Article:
The Concrete Distribution: A Continuous Relaxation of Discrete Random Variables
This paper presents a novel statistical distribution: a CONtinuous relaxation of a disCRETE distribution. Contrary to discrete random variables, the Concrete random variables are suited for use in stochastic computation graphs trained with automatic differentiation.
This is useful for learning the shape of a discrete distribution. The binary case is the Binary Concrete, and is useful, among other things, for pruning a neural network^{1}.
Discrete Random Variables in a computation graph
Consider \(\mathrm{Discrete}(\alpha)\), a discrete distribution with unnormalized parameters \(\alpha_k \in (0,\infty)\), where the probability of outcome \(k\) is \(\alpha_k / \sum_i \alpha_i\). The sampling from this distribution can be formulated with the GumbelMax trick, as seen in Figure 1(a). Note that the discrete values are encoded in a onehot vector, and that \(G_i\) are samples from the standard Gumbel distribution.
Note that instead of optimizing \(\alpha\) directly, we would optimize \(\log \alpha \in \mathbb{R}\). This allows to avoid constraining the parameters of the network.
Sampling from the standard Gumbel can be done using \(f(U)=\log(\log U)\) with \(U \sim \mathcal{U}(0,1)\).
Concrete Random Variables
The derivative of the argmax is 0 everywhere except at the boundary of state changes, where it is undefined. For this reason the GumbelMax trick is not a suitable reparameterization for use in stochastic computation graphs trained with automatic differentiation. This is why the Concrete distribution is introduced; see Figure 1(b) for how to sample from it. Basically, the argmax operation is replaced with a softmax.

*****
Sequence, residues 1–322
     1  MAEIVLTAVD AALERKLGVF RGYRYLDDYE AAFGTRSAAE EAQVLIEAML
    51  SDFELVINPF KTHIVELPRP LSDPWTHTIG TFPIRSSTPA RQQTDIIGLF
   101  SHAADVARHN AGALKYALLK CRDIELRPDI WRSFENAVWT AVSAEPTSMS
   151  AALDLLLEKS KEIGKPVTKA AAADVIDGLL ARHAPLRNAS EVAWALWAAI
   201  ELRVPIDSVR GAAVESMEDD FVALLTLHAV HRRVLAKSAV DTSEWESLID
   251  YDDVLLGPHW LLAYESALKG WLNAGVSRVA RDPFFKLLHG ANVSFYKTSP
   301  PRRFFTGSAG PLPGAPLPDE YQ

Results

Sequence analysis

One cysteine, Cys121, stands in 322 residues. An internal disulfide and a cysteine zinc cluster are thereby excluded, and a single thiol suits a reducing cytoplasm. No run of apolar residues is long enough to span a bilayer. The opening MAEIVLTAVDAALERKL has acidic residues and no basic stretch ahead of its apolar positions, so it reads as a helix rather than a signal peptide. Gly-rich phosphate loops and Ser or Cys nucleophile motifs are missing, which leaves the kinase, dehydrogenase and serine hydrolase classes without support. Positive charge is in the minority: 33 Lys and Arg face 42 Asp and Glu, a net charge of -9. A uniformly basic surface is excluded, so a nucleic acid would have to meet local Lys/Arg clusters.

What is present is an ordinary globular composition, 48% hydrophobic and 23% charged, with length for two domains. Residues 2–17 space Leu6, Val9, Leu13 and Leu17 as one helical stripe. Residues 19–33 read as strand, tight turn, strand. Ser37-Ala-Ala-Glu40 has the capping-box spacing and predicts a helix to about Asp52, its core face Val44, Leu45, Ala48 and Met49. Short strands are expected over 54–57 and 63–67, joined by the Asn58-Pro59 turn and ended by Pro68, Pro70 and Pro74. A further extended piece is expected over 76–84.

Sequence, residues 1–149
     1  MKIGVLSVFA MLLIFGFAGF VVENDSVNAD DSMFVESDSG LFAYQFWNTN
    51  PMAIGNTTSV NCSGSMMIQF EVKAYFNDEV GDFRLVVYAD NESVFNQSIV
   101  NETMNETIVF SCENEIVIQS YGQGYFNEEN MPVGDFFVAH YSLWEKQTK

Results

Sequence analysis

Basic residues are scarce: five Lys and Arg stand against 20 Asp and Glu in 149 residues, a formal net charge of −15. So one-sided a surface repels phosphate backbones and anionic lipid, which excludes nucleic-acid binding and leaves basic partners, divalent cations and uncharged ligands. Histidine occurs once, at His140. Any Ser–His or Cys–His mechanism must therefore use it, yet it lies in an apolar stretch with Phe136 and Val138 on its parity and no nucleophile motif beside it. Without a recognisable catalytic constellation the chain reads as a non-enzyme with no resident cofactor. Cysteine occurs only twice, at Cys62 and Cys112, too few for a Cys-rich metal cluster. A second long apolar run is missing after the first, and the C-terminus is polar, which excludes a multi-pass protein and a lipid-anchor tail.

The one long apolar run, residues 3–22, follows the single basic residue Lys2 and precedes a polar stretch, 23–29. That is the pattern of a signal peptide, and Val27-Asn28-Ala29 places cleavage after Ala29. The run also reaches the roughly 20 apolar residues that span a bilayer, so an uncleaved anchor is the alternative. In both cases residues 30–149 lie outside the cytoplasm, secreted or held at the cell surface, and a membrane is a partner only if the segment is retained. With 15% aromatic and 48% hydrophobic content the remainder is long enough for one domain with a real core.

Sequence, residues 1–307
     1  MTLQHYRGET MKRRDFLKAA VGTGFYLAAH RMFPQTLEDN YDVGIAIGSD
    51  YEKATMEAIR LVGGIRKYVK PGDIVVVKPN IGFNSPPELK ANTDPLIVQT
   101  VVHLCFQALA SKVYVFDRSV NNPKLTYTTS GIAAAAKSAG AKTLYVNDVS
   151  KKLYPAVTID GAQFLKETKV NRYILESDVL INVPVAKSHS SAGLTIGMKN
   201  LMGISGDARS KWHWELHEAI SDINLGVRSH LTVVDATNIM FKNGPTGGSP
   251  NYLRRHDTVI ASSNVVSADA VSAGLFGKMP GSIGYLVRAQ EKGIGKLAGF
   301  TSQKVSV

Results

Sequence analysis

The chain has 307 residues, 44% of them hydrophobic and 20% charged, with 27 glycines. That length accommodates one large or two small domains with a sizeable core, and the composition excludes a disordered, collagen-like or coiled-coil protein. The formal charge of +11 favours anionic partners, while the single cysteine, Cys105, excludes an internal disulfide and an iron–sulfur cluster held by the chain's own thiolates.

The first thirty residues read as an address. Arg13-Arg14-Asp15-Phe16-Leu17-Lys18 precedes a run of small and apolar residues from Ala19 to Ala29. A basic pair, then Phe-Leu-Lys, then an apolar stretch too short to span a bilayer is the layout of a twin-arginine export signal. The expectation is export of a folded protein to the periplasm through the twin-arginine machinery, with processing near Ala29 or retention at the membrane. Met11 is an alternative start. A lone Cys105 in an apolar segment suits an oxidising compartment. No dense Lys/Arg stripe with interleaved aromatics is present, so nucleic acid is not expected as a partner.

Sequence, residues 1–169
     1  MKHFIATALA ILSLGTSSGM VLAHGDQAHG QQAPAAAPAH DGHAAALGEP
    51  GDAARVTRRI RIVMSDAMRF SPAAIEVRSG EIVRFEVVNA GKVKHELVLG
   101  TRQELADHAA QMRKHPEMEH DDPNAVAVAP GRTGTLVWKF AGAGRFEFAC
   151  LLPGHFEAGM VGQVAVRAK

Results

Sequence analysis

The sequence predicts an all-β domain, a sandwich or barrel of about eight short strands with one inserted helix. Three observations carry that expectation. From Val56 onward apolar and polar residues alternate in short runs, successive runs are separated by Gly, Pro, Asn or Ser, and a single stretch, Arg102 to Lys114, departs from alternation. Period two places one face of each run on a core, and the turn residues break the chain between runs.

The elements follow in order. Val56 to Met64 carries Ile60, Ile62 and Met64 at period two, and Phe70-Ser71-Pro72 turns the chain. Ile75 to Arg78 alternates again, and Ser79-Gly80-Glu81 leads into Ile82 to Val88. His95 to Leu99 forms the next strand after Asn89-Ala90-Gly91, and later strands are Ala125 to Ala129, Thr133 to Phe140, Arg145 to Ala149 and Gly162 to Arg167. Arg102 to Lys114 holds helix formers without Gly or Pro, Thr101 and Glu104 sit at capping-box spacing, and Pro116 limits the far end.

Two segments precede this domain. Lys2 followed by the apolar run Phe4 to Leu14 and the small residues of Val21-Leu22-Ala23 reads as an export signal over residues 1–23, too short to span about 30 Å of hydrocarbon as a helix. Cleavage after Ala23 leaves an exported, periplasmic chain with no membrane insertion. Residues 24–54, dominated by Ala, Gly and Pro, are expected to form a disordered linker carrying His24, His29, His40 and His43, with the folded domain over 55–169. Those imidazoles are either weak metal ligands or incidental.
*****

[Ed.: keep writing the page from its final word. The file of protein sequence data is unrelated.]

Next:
This allows to optimize \(\alpha_k\) via gradients, and thus learn the shape of the distribution.
The parameter \(\lambda\) acts as a temperature parameter for the softmax; it controls the relaxation. When \(\lambda \to 0\), the softmax becomes an argmax.
The Binary Special Case
Suppose that you want to learn the value of a binary variable, such as the elements of a binary mask. For example, you could want to mask feature maps in a network and find which features to keep or discard.
While a onehot vector is the standard way of encoding a discrete variable with more than two values, for a binary variable we only need a binary scalar.
Sampling from the Binary Concrete can be done using \(f(U)=\mathrm{Sigmoid}(( \log \alpha + L(U) ) / \lambda)\), where \(L(U)=\log U  \log(1U),\ U \sim \mathcal{U}(0,1)\) samples from the Logistic distribution. Notice how similar this is to the nonbinary case; instead of Gumbel samples, we use Logistic samples, and instead of a Softmax, we use a Sigmoid, but the rest is identical.
Cheat sheet
Distribution  Sampling function 

Concrete  \(f(U)=\mathrm{Softmax}((\log \alpha + G(U))/\lambda)\) 
Binary Concrete  \(f(U)=\mathrm{Sigmoid}(( \log \alpha + L(U) ) / \lambda)\) 
Standard Gumbel  \(G(U)=\log(\log U),\ U \sim \mathcal{U}(0,1)\) 
Logistic  \(L(U)=\log U  \log(1U),\ U \sim \mathcal{U}(0,1)\) 
Implementation notes
 Optimize \(\log \alpha\) instead of \(\alpha\). I suggest naming your optimized tensor
log_alpha
.  Initialize \(\log \alpha\) values around zero. The zerocentered normal with scale \(0.01\) should work.
 Try \(\lambda=2/3\) (see paper for details).
Notes

Actually, the “Hard Concrete”, a twist on the Binary Concrete, is even better for pruning. See the review on “Structured Pruning of Neural Networks with BudgetAware Regularization” for details. ↩